Over the years, there has been an assumption that the negative impacts of climate change and the efforts to mitigate them have similar effects on both women and men. However, the world has progressively recognized that women and men experience climate change differently, and that gender inequalities worsen women’s adaptive capacity. It has also been acknowledged that women are important actors of change and holders of significant knowledge and skills related to adaptation, mitigation and the reduction of risks in the face of climate change.
This makes them crucial agents of change, yet they have the least input in planning, policy development and decision making. In the light of the implementation of the Paris Agreement and Sustainable Development Goals (SDGs), it’s important to equip the women leaders who have been engaged in the process to be able to lay good strategies on how to increase their participation in climate change dialogue processes.
The methods adopted in the implementation of the project were Consultative Roundtable and Facilitative Dialogue. These approaches entailed gathering, sharing and making use of existing information and resources on gender and climate change such as case studies, research findings, sharing compelling and evidence-based stories to inspire changes in policy and practice. It also entails the use of role play, group works, presentations, discussion, game theory, stakeholder mapping and power dynamic with sphere of influence and impacts using elements of Social Analysis System (SAS2) tools.
This approach was effective because it enhanced facilitation of exchange of diverse knowledge and perspectives on gender and climate change at national and regional levels and which group is impacted and their corresponding level of influence to cause change. The project contributed to increased understanding of the role of women and men in climate change negotiations in the implementation of Paris Agreement as well as enhanced understanding of the state of play on gender in climate change negotiations.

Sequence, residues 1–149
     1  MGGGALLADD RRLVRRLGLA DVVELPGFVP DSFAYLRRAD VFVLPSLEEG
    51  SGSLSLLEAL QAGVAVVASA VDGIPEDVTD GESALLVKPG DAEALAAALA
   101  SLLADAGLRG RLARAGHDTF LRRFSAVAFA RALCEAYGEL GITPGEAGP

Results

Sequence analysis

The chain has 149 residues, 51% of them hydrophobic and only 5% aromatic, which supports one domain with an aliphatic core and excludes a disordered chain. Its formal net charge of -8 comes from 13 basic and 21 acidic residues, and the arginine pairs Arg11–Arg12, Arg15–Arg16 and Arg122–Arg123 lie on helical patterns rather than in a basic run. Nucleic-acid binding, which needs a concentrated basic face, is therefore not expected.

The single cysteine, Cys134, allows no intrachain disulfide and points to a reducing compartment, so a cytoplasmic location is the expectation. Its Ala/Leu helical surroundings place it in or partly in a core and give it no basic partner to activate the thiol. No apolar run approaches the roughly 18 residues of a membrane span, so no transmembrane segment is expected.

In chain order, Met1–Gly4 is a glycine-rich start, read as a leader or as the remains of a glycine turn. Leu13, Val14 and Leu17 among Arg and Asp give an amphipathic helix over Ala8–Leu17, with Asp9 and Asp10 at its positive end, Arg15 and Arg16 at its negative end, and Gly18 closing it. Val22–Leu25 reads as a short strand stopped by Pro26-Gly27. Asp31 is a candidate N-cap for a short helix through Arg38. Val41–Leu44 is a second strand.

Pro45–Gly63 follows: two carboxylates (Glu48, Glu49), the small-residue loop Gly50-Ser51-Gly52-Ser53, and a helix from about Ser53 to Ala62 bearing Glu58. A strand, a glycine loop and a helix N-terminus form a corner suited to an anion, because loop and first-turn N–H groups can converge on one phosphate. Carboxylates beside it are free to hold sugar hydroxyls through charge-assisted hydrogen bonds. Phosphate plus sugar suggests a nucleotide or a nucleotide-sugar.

At a post project meeting it was rated useful and very useful to rise and analyse the gender responsiveness related to climate change and decision making.
Increased the level of women participation: in climate change dialogue processes with enhanced understanding of gender differentiated impacts of climate change; presence of women in higher organisational levels and; larger contribution of women in terms of content generation/input in the decision-making processes.
The number of men and especially women in Kenya’s delegation to both national and international climate change negotiations/meetings had increased since 2017 and some the women beneficiaries of this project are now active part of climate negotiations and meetings.
A good gender gap analysis and observation of the trends in climate change negotiations at national and international level play key roles in designing a tailor-made interventions/action that contributes to narrowing the gender inequalities in the climate change negotiations. A well-designed project intervention that empowers small group of people can catalyse greater actions and cause positive change beyond the project lifespan.
*Reference: Ogallah, S.S. (2022): Enhancing Gender Responsiveness in Climate Change Dialogue Processes in Kenya, to be published.